A Bracing Experience? Helpful Information For Adults Undergoing Orthodontic Treatment
Although the wearing of dental braces has always been somewhat synonymous with children in their formative adolescent and teenage years, a significant number of adults also want or need this type of orthodontic care. According to a leading dental insurance provider, there are currently four million people in the United States who wear braces, one of every four of which are of adult age.
Some of these adults who are now sporting braces or retainers did not seek or perhaps could not afford dental care as children, while others may have had dental care but not received the results that were hoped for. Still others have decided to be fitted for braces now to overcome dental issues due to an injury, medical, or oral health issue. If you are an adult seeking braces or other types of orthodontia to correct a dental health or cosmetic issue, here are some things you should know.
Braces may help adults deal with TMD and other health issues
Braces for adults are not restricted to eliminating gaps or addressing cosmetic concerns. In fact, many adults are fitted with braces to specifically address important health issues, such as temporomandibular joint disorder (TMD). Adults who suffer from this disorder often experience excruciating pain and discomfort centered around the joints, muscles, and ligaments of the jaw and face. Because much of the discomfort is thought to be related to the collapse of the facial structure in that area, braces are sometimes used to help add support to the area and relieve the patient's discomfort.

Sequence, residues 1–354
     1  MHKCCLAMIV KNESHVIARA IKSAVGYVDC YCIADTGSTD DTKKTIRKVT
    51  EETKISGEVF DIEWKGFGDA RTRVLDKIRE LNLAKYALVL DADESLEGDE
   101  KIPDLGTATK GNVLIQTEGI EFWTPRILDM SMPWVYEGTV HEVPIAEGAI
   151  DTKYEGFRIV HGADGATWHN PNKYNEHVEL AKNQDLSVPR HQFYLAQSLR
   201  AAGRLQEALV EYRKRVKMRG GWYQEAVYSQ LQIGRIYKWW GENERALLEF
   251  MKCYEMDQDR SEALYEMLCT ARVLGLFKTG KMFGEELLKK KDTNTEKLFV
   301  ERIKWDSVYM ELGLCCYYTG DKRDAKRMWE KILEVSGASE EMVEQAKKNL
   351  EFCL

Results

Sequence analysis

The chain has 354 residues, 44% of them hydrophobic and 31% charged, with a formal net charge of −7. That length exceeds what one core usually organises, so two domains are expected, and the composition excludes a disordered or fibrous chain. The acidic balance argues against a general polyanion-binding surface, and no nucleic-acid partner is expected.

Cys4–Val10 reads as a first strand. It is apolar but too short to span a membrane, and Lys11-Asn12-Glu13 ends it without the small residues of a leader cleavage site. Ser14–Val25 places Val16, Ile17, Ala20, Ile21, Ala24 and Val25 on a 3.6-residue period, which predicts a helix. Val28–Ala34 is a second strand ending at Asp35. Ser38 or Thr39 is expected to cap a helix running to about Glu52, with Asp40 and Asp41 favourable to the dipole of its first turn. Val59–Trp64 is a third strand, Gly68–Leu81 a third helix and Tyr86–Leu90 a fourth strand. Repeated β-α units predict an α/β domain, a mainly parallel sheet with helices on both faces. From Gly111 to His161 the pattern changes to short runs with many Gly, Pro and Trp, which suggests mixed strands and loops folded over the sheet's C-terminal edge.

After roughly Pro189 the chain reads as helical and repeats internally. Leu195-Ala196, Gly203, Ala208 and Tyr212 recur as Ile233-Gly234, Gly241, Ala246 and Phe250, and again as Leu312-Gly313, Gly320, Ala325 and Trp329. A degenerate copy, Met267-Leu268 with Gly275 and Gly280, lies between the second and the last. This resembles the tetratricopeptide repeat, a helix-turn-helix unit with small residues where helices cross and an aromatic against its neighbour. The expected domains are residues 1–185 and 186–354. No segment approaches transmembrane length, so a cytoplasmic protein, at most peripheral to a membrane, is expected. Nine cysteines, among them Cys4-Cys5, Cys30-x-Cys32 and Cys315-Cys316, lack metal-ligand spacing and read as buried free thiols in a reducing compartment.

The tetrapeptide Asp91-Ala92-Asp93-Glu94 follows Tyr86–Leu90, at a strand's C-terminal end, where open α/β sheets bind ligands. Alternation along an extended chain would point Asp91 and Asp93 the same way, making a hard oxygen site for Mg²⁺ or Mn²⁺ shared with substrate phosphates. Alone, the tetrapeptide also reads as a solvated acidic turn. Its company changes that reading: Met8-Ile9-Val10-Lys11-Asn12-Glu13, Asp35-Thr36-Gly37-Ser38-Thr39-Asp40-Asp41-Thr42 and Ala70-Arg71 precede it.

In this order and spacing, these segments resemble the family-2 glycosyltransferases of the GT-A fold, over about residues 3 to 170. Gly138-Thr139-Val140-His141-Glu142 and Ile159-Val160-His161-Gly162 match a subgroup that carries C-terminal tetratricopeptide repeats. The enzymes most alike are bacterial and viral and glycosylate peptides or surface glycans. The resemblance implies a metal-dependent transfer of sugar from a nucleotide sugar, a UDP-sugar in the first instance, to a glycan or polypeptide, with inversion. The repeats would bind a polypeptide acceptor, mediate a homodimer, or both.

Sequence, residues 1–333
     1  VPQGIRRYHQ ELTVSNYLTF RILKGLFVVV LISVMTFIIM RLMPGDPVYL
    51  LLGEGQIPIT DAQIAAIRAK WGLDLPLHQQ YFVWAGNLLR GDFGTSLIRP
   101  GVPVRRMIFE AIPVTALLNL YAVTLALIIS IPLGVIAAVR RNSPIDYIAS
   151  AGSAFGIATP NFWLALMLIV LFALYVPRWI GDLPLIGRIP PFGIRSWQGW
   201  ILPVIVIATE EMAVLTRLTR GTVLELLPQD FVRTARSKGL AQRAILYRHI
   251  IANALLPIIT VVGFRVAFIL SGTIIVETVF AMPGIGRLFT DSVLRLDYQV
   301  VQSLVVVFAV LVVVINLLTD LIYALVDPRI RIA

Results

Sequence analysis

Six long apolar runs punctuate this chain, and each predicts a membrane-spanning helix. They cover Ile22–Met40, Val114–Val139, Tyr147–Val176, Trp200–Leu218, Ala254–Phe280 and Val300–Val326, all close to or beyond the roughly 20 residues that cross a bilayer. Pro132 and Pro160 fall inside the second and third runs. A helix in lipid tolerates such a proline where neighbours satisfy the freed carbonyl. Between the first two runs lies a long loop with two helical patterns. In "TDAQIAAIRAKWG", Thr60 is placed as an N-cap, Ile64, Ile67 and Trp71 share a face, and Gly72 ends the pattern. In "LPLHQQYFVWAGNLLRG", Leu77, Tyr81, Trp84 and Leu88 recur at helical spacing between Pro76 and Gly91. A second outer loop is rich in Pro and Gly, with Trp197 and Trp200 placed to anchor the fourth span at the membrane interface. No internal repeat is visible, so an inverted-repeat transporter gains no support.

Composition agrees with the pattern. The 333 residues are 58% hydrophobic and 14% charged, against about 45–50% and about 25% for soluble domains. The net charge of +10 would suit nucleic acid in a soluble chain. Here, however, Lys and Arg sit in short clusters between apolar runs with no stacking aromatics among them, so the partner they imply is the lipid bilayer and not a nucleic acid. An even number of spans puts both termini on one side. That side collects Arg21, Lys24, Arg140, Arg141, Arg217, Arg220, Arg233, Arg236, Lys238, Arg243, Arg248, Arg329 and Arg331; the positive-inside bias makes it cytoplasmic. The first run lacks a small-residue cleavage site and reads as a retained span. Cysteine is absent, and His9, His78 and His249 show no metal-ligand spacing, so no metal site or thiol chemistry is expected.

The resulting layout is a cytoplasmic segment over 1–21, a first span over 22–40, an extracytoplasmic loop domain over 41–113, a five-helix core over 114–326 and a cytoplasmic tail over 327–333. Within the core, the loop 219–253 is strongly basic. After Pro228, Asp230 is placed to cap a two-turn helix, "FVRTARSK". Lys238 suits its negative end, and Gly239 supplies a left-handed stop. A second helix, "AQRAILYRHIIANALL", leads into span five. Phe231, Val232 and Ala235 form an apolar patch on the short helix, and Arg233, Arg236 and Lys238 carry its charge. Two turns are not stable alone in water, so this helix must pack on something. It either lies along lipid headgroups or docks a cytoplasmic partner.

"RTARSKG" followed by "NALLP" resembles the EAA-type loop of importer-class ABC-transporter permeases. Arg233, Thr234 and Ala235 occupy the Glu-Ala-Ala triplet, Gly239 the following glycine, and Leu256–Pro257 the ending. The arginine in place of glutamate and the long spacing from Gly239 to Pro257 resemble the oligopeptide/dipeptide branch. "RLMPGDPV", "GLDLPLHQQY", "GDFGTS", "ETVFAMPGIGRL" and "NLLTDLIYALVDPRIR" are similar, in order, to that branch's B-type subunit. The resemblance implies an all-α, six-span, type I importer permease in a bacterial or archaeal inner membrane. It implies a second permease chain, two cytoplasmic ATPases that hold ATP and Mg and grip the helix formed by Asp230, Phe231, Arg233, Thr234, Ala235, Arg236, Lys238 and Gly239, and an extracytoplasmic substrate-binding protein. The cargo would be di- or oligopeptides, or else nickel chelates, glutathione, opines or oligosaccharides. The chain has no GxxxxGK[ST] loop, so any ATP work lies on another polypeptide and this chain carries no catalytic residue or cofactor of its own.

Braces do not have to detract from your appearance
Adults, particularly those who are involved in professional careers, may worry that wearing braces will detract from the polished appearance they want to present. Fortunately, the materials and designs used to construct today's dental orthodontia are no longer limited to the gleaming stainless steel used several decades ago.
Instead, today's braces and retainers are lightweight, comfortable designs that require smaller, less-obtrusive brackets and wires. Orthodontists also have the ability to choose materials like plastics or ceramics that more closely match the color and appearance of natural teeth.
Another option is a type of orthodontia referred to as a lingual appliance. This type of dental appliance is designed to remain hidden and attaches to the back side of the teeth, allowing the wearer to smile with confidence while wearing it. Downsides to this nearly invisible brace option include possible irritation to the tongue and oral tissues, speech issues, and a more intensive maintenance routine.
Braces can work differently for adult patients
While braces are worth considering for many adult dental health issues, it is important to remember that they may work differently, be less successful, or even unsuitable for some conditions and issues. In part, this is because adults have bones and skeletal structures that are no longer undergoing rapid growth and change. This can mean that any positive changes obtained from wearing braces can be much slower to show improvement.
Where a child's rapidly growing dental plates and bone structure may reflect straightening from braces after just a few months of wearing braces, adults may require years of wear to receive the same level of change.
Adults who suffer from gum disease may also require more dental care while wearing braces than a child might while wearing similar orthodontia. This is because gum disease in adults often results in shrinking gum tissue or bone loss that can make cleaning and maintaining the braces much more difficult.
Adults who are dealing with a dental, health, or appearance issue that they feel might be improved with braces or other types of orthodontia should discuss their situation and goals with their dental health provider or orthodontist.